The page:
Fuel For Thought: Choosing The Best Fuel System For Your EFI Upgrade

We are sure you are nostalgic about your first car. Who could forget the distinctive guttural roar of the secondaries opening up on the Quadrajet carburetor as you stepped on the loud pedal? But even if you tend to look through rose-colored glasses, you likely recognize the benefits of a well-sorted-out electronic fuel injection (EFI) system. After all, what’s not to love about increased part-throttle driveability, easier cold starting, and even better fuel economy?

With self-learning fuel injection systems available from companies such as FiTech EFI, it’s never been simpler to reap the benefits of EFI. However, if you’re swapping to such a system, you’ll need to address your fuel system before you get your vehicle wired and fired. A carbureted fuel system’s mechanical or low-pressure fuel pump will not deliver enough fuel pressure to run EFI.

EFI fuel system

The Force Fuel System holds a half-gallon of fuel. It simply connects to the vehicle’s existing fuel system in place of the carburetor’s fuel line and uses the engine’s existing mechanical or low-pressure electric fuel pump (4-6 psi) to fill its reservoir. The housing includes a 340-lph high-pressure pump and an integral regulator set at 58psi.

FiTech offers a variety of throttle-body and port fuel injection systems to support up to 800hp. But just as one size doesn’t fit all for those systems, FiTech gives the enthusiast a number of EFI fuel system options to deliver fuel from the tank to the injectors.

Whenever I sell an EFI unit, I always recommend the in-tank pump first and the inline last. The in-tank pumps stay cooler, run more quietly, have ‘first dibs’ at fuel, and last longer. – Mike Wahl, FiTech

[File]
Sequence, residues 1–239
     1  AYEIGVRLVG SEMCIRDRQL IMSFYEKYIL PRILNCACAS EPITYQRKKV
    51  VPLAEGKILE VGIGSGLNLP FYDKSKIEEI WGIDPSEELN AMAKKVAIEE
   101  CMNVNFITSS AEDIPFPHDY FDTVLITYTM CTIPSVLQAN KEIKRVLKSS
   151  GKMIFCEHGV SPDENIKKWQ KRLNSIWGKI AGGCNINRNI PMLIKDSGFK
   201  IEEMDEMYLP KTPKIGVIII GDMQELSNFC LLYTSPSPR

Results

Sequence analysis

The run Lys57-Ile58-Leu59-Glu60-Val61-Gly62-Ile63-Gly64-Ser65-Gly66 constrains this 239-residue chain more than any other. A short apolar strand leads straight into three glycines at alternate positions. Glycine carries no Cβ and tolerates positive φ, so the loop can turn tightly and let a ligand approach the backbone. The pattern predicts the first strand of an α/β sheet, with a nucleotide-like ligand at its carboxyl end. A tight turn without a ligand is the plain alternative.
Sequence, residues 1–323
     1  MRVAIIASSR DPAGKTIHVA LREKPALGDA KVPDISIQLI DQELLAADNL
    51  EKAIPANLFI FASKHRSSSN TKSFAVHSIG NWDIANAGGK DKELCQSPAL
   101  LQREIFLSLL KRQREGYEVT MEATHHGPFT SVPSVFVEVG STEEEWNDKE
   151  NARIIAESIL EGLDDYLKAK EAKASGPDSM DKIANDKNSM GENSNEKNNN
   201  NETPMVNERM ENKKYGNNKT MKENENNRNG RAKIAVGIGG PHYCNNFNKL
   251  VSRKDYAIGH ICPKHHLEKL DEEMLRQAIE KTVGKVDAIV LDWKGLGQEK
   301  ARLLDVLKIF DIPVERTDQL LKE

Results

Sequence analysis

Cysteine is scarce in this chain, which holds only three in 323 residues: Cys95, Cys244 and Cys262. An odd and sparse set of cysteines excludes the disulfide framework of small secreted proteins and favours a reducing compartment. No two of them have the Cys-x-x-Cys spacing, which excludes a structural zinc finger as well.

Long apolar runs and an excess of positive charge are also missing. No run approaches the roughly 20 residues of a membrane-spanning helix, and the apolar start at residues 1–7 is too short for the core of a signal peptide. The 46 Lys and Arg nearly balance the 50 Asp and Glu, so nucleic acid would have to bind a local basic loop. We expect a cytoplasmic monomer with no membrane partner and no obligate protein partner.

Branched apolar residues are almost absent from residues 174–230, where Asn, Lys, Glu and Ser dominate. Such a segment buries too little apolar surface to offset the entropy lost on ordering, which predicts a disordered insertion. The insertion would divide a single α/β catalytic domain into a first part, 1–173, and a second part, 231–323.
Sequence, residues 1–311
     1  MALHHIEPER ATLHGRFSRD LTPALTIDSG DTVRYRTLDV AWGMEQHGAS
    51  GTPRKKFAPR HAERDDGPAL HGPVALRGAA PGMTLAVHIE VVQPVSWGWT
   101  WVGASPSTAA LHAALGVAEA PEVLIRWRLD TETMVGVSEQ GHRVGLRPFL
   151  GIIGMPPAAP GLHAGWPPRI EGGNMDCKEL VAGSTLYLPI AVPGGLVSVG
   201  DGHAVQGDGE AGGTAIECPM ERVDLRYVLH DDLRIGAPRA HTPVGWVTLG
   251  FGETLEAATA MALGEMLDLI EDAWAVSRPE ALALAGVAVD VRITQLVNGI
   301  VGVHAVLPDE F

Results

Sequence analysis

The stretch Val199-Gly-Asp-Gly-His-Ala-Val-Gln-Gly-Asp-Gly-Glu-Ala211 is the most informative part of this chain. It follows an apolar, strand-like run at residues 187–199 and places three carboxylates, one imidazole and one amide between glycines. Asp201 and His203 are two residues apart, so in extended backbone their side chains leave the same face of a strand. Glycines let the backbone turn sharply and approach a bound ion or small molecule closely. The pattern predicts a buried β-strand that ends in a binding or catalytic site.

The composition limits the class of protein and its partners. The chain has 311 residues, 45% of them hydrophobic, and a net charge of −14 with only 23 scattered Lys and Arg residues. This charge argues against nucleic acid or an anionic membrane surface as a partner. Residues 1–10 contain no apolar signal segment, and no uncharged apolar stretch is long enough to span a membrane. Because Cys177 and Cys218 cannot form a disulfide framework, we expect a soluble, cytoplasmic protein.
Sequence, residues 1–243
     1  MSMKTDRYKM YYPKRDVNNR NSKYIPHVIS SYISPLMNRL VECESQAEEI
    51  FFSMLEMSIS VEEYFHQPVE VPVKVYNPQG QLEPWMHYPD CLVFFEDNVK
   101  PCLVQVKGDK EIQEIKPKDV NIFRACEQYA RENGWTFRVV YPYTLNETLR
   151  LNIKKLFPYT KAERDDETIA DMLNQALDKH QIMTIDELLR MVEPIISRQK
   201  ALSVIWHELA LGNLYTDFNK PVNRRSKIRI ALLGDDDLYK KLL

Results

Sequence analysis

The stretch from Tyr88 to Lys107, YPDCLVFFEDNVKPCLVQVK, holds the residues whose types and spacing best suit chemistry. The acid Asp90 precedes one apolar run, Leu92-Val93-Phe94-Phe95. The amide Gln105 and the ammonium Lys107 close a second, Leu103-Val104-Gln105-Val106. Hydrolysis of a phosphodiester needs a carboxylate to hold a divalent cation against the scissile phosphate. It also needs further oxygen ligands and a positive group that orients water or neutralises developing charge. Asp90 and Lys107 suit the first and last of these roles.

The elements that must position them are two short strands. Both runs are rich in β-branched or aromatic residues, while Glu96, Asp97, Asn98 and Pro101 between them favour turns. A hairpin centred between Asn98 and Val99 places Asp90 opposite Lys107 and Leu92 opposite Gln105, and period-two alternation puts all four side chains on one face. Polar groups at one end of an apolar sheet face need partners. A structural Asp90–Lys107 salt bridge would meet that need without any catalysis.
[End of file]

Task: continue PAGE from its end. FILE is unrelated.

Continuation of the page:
Forced Fuel

FiTech introduced its trick, extruded and machined aluminum Force Fuel System in August 2019. It’s a much-improved version of the company’s discontinued Command Center, says FiTech Sales Manager Mike Wahl. To keep the submerged EFI-pump cool, the Force Fuel System holds a half-gallon of fuel. It simply connects to the vehicle’s existing fuel system (in conjunction with the carburetor’s fuel line) and uses the engine’s existing mechanical or low-pressure electric fuel pump (4 to 6 psi) to fill its reservoir.

The housing includes a 340-lph, high-pressure pump, an integral regulator set at 58psi, and a serviceable 10-micron fuel filter. This EFI fuel system is designed to return excess fuel to the gas tank, so a fitting is included to install a return port in the fuel tank or fuel cell. FiTech also supplies -6 AN fittings, high-pressure fuel hose, and a liquid-filled gauge. And, it’s even designed to be compatible with E85, ethanol and methanol fuels, and it will push enough fuel to support 800hp on naturally aspirated vehicles using gasoline.

As factory-assembled, the Force Fuel System's bracket is installed on the bottom of the housing. It's easily swapped to the side of the housing to allow for a range of mounting options, at any angle, except upside-down.

The versatile mounting bracket is removable to allow a number of mounting options, and Wahl notes that most installers place the unit on the radiator support or firewall.

“It can be mounted on its side, straight up and down, or you can mount it at any angle, except upside-down. We see a lot of customers using these in autocross, off-road, and any off-camber usage because it eliminates tank-slosh. It’s also ideal for the average hot-rodder. Customers who do not want to modify or replace their fuel tank love this option because of the ease of the install on just about any application. It’s one of our top sellers at the moment.”

EFI fuel system

The low-profile billet top mount of the Go Fuel universal in-tank pump module is designed to ease installation. The supply and return ports are positioned parallel to ease routing of the fuel lines. The vent port is on the other side of the mount.

Go Fuel In-tank Module

The Go-Fuel universal in-tank pump module combines the same 340-lph fuel pump found in the Force Fuel System, but the pump mounts to an in-tank hanger and installs in a factory tank. This installation requires cutting a hole in the tank. The hanger is adjustable for depths of 6 to 15 inches to accommodate most tanks with the supplied hardware.

If using a tank not designed for EFI pumps, there will be no baffle installed. For those tanks, an oversized 35 square-inch pump filter (commonly known as a “sock”) is also included as an option to the standard 11 square-inch sock to ensure uninterrupted fuel delivery to the pump. The larger filter helps combat fuel slosh issues, which could otherwise interrupt fuel being picked up by the pump. Push-lock-style AN fittings are also included, as are gaskets and wiring terminals.